kolak kolang kaling pisang.jpgIt’s almost Ramadan. Here in Indonesia, supermarkets are busy stocking dates and kolak ingredients on their shelves. Kolak is a compote consumed during the break of iftar, which occurs after sunset.

Many writers categorized kolak as a dessert, but we often eat it before meal, does it still make it a dessert? The concept of “dessert” is foreign to us, actually. We eat “small meals” prior to or after the main dish. Be it a dessert or finger food. There’s no standard rule.

Kolak can be served hot, or cold with chunks of ice. It may contain some (or all) of these ingredients: bananas, tape (fermented cassava), kolang-kaling (fruits of Arenga pinnata), yam, and ripe jack fruits.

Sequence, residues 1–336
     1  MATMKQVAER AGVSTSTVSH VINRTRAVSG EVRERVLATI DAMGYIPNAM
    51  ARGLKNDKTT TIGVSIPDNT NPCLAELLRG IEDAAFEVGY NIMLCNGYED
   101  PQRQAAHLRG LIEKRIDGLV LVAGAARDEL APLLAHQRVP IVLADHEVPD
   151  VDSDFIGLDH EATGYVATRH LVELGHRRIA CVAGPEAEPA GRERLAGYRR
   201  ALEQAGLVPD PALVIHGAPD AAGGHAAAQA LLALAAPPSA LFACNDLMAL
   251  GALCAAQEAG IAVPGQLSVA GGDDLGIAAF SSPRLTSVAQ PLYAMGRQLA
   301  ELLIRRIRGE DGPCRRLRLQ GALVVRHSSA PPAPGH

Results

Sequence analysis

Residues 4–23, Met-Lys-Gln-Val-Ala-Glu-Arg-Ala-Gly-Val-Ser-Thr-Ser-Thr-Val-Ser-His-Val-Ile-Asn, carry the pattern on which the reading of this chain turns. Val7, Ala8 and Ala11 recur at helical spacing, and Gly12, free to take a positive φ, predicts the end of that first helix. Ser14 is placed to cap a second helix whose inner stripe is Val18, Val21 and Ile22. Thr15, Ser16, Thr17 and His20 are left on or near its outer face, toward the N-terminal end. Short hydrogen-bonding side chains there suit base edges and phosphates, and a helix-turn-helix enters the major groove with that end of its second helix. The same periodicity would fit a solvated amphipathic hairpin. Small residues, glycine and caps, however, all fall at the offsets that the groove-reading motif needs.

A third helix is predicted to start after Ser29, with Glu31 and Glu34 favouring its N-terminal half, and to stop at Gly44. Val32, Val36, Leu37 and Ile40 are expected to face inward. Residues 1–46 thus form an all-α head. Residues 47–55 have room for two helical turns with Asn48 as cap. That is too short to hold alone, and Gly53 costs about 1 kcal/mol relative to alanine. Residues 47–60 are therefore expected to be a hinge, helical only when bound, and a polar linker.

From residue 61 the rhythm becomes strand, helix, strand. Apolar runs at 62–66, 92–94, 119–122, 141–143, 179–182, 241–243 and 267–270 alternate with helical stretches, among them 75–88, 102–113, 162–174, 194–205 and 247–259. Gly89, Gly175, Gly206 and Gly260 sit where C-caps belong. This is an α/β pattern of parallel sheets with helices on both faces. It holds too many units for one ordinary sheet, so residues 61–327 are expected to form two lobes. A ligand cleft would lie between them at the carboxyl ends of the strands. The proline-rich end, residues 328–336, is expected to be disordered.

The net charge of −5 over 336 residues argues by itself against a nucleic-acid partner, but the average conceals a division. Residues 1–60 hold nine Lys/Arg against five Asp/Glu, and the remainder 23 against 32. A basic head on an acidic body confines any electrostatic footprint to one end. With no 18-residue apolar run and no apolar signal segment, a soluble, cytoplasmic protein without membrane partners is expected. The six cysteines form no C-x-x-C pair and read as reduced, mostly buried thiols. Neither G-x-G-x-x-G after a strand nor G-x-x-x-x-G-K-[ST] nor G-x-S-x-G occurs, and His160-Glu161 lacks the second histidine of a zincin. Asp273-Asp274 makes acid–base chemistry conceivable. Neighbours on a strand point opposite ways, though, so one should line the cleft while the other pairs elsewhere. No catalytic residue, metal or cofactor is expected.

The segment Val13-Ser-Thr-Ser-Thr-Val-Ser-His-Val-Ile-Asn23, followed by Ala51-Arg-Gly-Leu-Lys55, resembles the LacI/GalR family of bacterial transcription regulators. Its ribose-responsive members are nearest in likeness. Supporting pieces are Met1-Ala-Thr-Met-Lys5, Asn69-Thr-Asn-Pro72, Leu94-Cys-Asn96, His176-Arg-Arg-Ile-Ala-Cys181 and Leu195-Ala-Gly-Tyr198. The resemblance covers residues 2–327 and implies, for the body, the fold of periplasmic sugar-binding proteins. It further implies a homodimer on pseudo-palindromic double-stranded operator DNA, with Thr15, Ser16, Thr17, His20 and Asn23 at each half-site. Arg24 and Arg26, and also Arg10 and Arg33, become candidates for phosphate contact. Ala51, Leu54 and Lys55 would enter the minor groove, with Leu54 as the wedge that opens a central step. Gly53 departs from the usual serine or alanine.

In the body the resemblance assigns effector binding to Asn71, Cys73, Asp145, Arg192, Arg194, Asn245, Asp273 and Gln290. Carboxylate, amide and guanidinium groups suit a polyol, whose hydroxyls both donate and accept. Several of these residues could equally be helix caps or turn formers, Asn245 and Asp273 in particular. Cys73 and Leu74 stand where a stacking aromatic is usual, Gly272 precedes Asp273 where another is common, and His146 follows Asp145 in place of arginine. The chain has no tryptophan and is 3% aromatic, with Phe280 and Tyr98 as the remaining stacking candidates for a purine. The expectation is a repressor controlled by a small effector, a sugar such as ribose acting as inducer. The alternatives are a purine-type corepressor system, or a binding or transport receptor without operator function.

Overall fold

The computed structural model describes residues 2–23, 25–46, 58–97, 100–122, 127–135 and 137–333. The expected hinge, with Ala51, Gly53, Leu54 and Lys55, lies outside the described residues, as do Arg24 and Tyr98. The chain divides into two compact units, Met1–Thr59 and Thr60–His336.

I always prefer to have hot kolak. Scooping the hot coconut milk, the scent of ginger and Pandanus leaves catch my nostril. Palm sugar is used to sweeten this compote, which often leads to a tinge of brownness in the milk.

Many people sell kolak on the streets during Ramadan, but I’ve yet to come across one with a decent taste. Sorry. The soup is too thin, and they only contain small amount of fillings. But don’t take my words for it, though. There may be some nice tasting kolak out there. And sometimes, having a kolak is better than none.

Bad kolak might contain half cooked kolang-kaling, unripe banana, uncooked yam, sourly-smelling tape or kolang-kaling, and many more. Be warned with these bad kolak signs. Your tummy may have a problem if you eat it. It may not lead one to death, but mild diarrhea can be annoying.

Although it is tasteless if eaten as is, properly cooked kolang-kaling tastes yummy in kolak. There’s also a similar fruit called siwalan, which has a bigger size, softer texture, and sweeter taste.

We still have occasional rain down here. I think hot kolak will win over the cold one.

Main image credit: 1001info